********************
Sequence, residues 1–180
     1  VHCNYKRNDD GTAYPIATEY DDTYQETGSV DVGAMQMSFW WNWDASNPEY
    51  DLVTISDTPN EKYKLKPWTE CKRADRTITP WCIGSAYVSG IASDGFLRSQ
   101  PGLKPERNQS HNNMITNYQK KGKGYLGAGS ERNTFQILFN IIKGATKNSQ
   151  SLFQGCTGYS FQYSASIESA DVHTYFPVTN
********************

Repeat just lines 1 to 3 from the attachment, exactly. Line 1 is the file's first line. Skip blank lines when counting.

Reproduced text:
Sequence, residues 1–180
     1  VHCNYKRNDD GTAYPIATEY DDTYQETGSV DVGAMQMSFW WNWDASNPEY
    51  DLVTISDTPN EKYKLKPWTE CKRADRTITP WCIGSAYVSG IASDGFLRSQ